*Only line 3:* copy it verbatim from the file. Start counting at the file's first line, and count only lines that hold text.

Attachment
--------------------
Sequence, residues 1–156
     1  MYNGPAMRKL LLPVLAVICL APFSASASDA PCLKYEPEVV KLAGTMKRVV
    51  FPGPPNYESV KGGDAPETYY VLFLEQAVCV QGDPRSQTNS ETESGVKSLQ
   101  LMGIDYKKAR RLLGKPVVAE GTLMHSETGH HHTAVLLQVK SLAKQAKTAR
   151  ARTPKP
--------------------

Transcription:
    51  FPGPPNYESV KGGDAPETYY VLFLEQAVCV QGDPRSQTNS ETESGVKSLQ